May 22nd, 2013
I rarely write anything personal on this blog, trying to keep the focus on DIY ideas and practical solutions, but I decided to write about my recent experience with having a breech baby because I really couldn’t think of a time when I was more of a stalwart than the past two weeks, trying like hell to DIY flip my baby over! Also, for some reason, women have an unfortunate tendency to skip over the parts of pregnancy that are tough to admit or talk about, like miscarriages, gender disappointment, depression or a feeling of detachment from all of it.
Maybe we judge each other too quickly, too loudly or use the wrong words to comfort, creating an unsafe place to be more open. I know that when I expressed my own bout of gender disappointment with some close friends and family, I often heard “Well, I’m sure you’re just happy he’s healthy, right?”…which actually only made me also feel like the worst person on earth!
We found out at my 38 week appointment that our son was breech. This late catch was a mix of mistakes made by me and my doctors. While no one checked this via ultrasound during my rotations, shuttling me in and out of appointments in sometimes less than a few minutes, I also had no idea that I shouldn’t be feeling large movements above my belly button and the smaller kicks in my pelvis so I never even mentioned it.
Most techniques used to flip babies are more effective before 36 or at the latest, 37 weeks, so we were told only 2 weeks before our due date that I would likely have to have a C-section in my 39th week. The news sent me into a tailspin of research, trial and error and a postpartum-like depression because a scheduled C-section was the last way I would ever want to end my first successful pregnancy.
While I’m generally open to pain management during labor, after nine months of carrying this child, I abhor the idea of having him surgically removed instead of being given the chance to experience the beautiful agony of labor.
The chance to have this process end as it was meant to naturally was abruptly stripped away from me and I definitely didn’t handle it well. Hearing positive C-section stories or the oh-so-common “however he gets here healthily is the best way” only made the news worse for me and after watching the documentary “The Business of Being Born”, my husband also joined me in my heartache and disappointment. Between my sleepless nights and a few crying fits on the bathroom floor, we attempted two versions, the Webster technique and balanced my body in many precarious positions from the Spinning Babies website.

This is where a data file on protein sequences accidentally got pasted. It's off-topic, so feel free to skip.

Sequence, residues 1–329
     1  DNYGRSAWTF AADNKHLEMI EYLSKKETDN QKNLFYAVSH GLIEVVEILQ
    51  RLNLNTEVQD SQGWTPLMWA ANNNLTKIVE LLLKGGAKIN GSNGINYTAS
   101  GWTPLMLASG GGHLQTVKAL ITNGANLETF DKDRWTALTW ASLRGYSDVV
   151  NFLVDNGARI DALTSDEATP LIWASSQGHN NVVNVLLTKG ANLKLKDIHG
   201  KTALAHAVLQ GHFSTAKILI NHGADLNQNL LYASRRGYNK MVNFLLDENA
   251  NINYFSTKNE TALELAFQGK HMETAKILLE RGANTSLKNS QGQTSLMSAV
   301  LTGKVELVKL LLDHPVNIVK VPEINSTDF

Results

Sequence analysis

I am writing this one and half days before my scheduled C-section where they will try another version before the surgery just in case. As I get closer to the reality of never knowing what labor feels like, my heart only feels heavier. While some of my friends were given the opportunity to have some physical contact with their baby after their C-sections, I have been told that I won’t be allowed until I am in recovery. This is the hardest part for me as I want that skin to skin contact immediately. Also, knowing myself and my emotions, my husband and I both worry that this C-section will only lead to a tougher postpartum recovery for me.
After so looking forward to the struggle, pain, tears and trial that is labor, I can’t imagine that a scheduled surgery will provide the closure I personally need and want so badly after 9 months. Maybe this sounds selfish, but despite popular belief, pregnancy is not all about the baby. It is just as much about the woman and her process and how that affects her baby. I know now that this could just be a fluke or I could be a woman who always carries breech babies, but in the future I will do everything I can to find someone who will let me deliver on my own terms if at all possible.
June 26, 2013
On May 24th, after I was prepped for surgery and in the surgery suite, a doctor attempted a version one more time before our c-section. This one was a lot easier for me as I was already numb, but our son just wasn’t having it. Like the last time, just as he got to a certain point in turning, his heart rate went down and then right back up again when the doctor let go. After he was pulled out, my doctor found that the cord was very short which would explain why he couldn’t turn himself and why he could only get so far in a version. Luckily, she also explained that it could have been impossible or very risky to deliver vaginally with a short cord. Unfortunately, my fears of feeling detached from the delivery process were true in the end. The time between delivery and actually being able to feel my son was just too long and our quick bonding time in surgery was cut short by some nausea and vomiting common during a c-section.
After a month of being able to settle into becoming a parent, I can safely look back at the whole experience and know that it was obviously the only thing I could do but still not how I would want to deliver a baby in the future if I can avoid it. I think the hardest part of the recovery is not being able to be there 100% for your baby the first four to five days and for me it was much longer due to some complications after I got home. The only benefit I found from a c-section recovery was my complete lack of time to focus on my baby blues! Every time I felt like I was going to break down in tears, my son would need to be fed or it was time to take my pain medication or wash my incision or soak my swollen ankles. I suppose a c-section could be quite easy for some women, but I also know after hearing horror stories that it could have also been worse. Every story is vastly different when it comes to labor and delivery, and I certainly learned valuable lessons when it comes to asking the right questions during doctor visits, but happily we all end up with tiny precious humans no matter what goes down!